Two main questionnaires were used in this survey; (1) a self-report semi-structured questionnaire to gather familial and demographic information included age, gender, residential area, parental job and parental education levels. (2) Kiddie Schedule for Affective Disorders and Schizophrenia (K-SADS-PL) to detect psychiatric disorders in children and adolescents. The K-SADS is a screening tool for detection of childhood and adolescence mental disorders. This semi-structured instrument which is created to assess children aged 6 to 18, has 4 versions. The Present and Lifetime Version (KSADS-PL) of this inventory has been firstly presented by Kaufman, Birmaher, Brent, Rao and Ryan in 1996 and is used in our study 7. This comprehensive instrument is efficient in screening a great variety of psychopathologies including Major Depressive Disorder, Mania, Bipolar Disorders, Schizophrenia, Schizoaffective disorder, Obsessive Compulsive Disorder, Generalized Anxiety Disorder, Eating Disorders, Attention Deficit Hyperactivity Disorder, Conduct Disorder, Post Traumatic Stress Disorder, etc. This version consists of six parts: Unstructured Introductory Interview – Developmental History that asks about basic information such as birth and developmental history, previous and current physical and mental problems, and relations with friends, family members and schoolmates. The second part is Diagnostic Screening Interview that assesses serious symptoms since past so far, by scoring protocol and probes. The next part is Completion Checklist Supplement for screening of rest of the disorders. Appropriate Diagnostic Supplements seeks for the existence of symptoms for non-psychotic non-affective disorders. The fifth section which is Summary Lifetime Diagnosis Checklist summarizes the data extracted by previous parts. The last part is Children’s Global Assessment Scale for investigation of child’s functionality. The reliability and validity of this semi-structured questionnaire has been first confirmed by Kaufman et al 7 who reported a test-retest reliability of 0.77-1.00 and the inter-rater agreement of 93-100% for lifetime and present diagnosis of psychiatric disorders. However, the Persian Version of K-SADS-PL was used in our assessments. The acceptable characteristics of Persian Version of KSADS-PL among Iranian children have been proven by Ghanizadeh et al in 2008 8. The reported test-retest and inter-rater reliabilities for the Persian version of K-SADS-PL were 0.56-0.81 and 0.69, respectively 8. Moreover, other reliable instruments were used to distinguish mental retardation, epilepsy, and tobacco use.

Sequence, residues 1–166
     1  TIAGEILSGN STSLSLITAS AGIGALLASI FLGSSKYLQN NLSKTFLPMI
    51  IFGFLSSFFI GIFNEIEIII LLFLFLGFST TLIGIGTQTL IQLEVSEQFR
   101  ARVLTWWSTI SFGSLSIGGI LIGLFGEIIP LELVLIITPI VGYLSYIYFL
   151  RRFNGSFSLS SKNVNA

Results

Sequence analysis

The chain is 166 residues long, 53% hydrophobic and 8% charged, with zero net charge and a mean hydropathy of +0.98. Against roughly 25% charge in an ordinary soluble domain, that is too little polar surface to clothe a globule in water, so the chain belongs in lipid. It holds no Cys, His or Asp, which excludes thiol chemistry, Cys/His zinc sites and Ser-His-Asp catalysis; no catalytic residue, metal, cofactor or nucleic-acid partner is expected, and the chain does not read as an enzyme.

Eight clinical psychologists trained by a psychiatrist to complete the K-SADS-PL were referred to the houses. After describing the study protocol and consenting to participate, children and their parents were involved into the study. Interviews were conducted by two interviewers with children and their parents simultaneously, especially with their mothers, and a summary rating was entered according to the agreement of two interviewers. The readers can refer to the study protocol, which is previously published, to find more details about the method of implementation of this survey 9. After gathering information, data were entered into the SPSS software (version 20, IBM Corporation, United States) and analyzed using descriptive and analytical statistics. The study was funded by the National Institute for Medical Research Development (NIMAD, grant No. 940906).